IT WOULD be a mistake to expect the solid learning of the great University of Cambridge in this exciting volume. Of the 21 authors of articles, only one is currently teaching at Cambridge, though the author of the masterly final chapter won his doctorate there. Only one other author is based in England; 15 (and the editor) are from the United States, and five teach in Scottish universities.
Most of the authors are younger scholars who have been publishing only in the past ten years. They were obviously instructed to avoid settling on the usual introductory material to the books of the New Testament, and only one felt himself senior enough to disobey. The editor emphasises in his introduction that the book is a Companion, not an introduction, so concerned not so much with new facts as with new methods; it is not a book for beginners.
First come four substantial articles on background. Helen Bond gives a laudably unreligious picture of the Social and Political Milieu, emphasising the background in slavery or destitution of many of the adherents to the new group, and painting Judaea as just like any other troublesome little province of the Empire, remarkable only for the devotion of its inhabitants to the Temple.
Next comes a broad-brush historical account of the Religious and Philosophical Milieu, neatly tabulated, ending with a sketch of the six principal philosophical schools discernible in the background to the New Testament. The balanced essay on the Historical Jesus perhaps deserves more emphasis on the renewal of interest in the Jewishness of Jesus. Margaret Mitchell contributes an authoritative, if slightly negative, picture of the Life and Letters of Paul.
These are followed by an introductory sketch of each book of the New Testament. I found those on the Gospels slightly disappointing; is a Gospel really “best described as a kerygmatic biography written up in an apocalyptic mode”? There is no full discussion of the interrelationship between the Gospels, nor is there any conclusive treatment of the so-called confusions and inconsistencies in John.
On the other hand, there is a thorough and perceptive comparison of Paul’s rhetorical and personal techniques in the speeches of Acts and Paul’s own writings. An outstanding article is Matthew Novenson’s on Galatians and Romans, which not only explains the thrust of these letters, but also unfolds their importance for reception history, both in Martin Luther’s protests and also in the 20th-century movement of the so-called New Perspective on Paul. There are good discussions on the authorship of the disputed Pauline letters, which need to be supplemented by a more general estimate of pseudepigraphy.
Some of these articles are carelessly phrased, but more shocking is the carelessness of the University Press in missing the identical typographical muddle on pages 178, 180, 182, and 186.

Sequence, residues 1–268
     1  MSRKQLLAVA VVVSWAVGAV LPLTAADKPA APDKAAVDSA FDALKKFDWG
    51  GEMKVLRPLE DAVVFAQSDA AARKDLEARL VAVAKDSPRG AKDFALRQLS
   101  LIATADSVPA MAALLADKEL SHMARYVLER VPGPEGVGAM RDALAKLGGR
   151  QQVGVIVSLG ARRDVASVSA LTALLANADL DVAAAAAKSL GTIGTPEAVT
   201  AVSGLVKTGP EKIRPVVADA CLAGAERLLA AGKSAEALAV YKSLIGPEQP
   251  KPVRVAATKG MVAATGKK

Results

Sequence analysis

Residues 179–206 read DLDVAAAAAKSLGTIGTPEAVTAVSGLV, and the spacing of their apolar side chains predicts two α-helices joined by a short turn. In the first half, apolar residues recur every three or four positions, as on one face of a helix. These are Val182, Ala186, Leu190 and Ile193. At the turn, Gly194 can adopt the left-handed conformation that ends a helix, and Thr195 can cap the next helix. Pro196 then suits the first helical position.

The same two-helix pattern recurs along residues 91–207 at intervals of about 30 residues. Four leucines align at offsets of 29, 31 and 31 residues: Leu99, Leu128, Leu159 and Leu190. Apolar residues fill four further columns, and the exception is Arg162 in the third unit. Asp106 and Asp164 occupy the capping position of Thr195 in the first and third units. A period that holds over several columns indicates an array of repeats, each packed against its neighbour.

In a way, the heart of this book is on the outside, both in the four early articles and in the five wider-ranging articles of the third part. These latter are the discussions on method promised by the editor in his introduction and so central to the task of a Companion rather than an introduction, opening out the whole subject and its arcane techniques to the (persevering) outsider.
Julia Snyder (the single Cambridge voice) contributes a detailed, learned, and cheerful article on the complicated process by which some writings and not others won their place in the Canon(s) of the New Testament — a process so lacking in logic that one is almost driven to suppose that the Holy Spirit was at work. In the longest article of all, James Barker makes a valiant effort to explain to non-specialists the processes of the Historical-Critical Method of exegesis; this pulls together or rounds off a number of subjects touched in earlier particular essays, such as the Synoptic problem and the New Perspective on Paul.
In the shortest article of all, Elizabeth Shively then outlines the contribution of Literary Approaches to New Testament studies, emphasising the important contribution of rhetorical criticism and the whole approach and technique of reader-response criticism. Another unexpected but highly enlightening sideshow is James Crossley’s comment on the transient influences of such social-history phenomena as Marxist and Nazi ideology, and even anti-imperialism and global financial crises.
Finally, Kevin Vanhoozer crowns the book with a discussion on the nature and purpose of New Testament theology. Is the New Testament a textbook of talk about God or a sourcebook of religious belief and practice? Are we attempting to discover what the New Testament authors thought about God, or are we thinking about God with those authors? What is the objective of reading and interpreting the Bible?
Echoing the joint Roman Catholic and Protestant desire to bring together again biblical studies and theology, Vanhoozer quotes Josef Ratzinger (later Pope Benedict XVI), “the faith of the Church is a form of sympathia without which the Bible remains a closed book.” For that matter, can we do New Testament theology without reference to the revelation of God as a whole? These are radical questions with which to conclude such a Companion.
Fr Henry Wansbrough OSB is a monk of Ampleforth, emeritus Master of St Benet’s Hall, Oxford, and a member of the Pontifical Biblical Commission.
The Cambridge Companion to the New Testament
Patrick Gray, editor
Cambridge University Press £26.99
Church Times Bookshop £24.30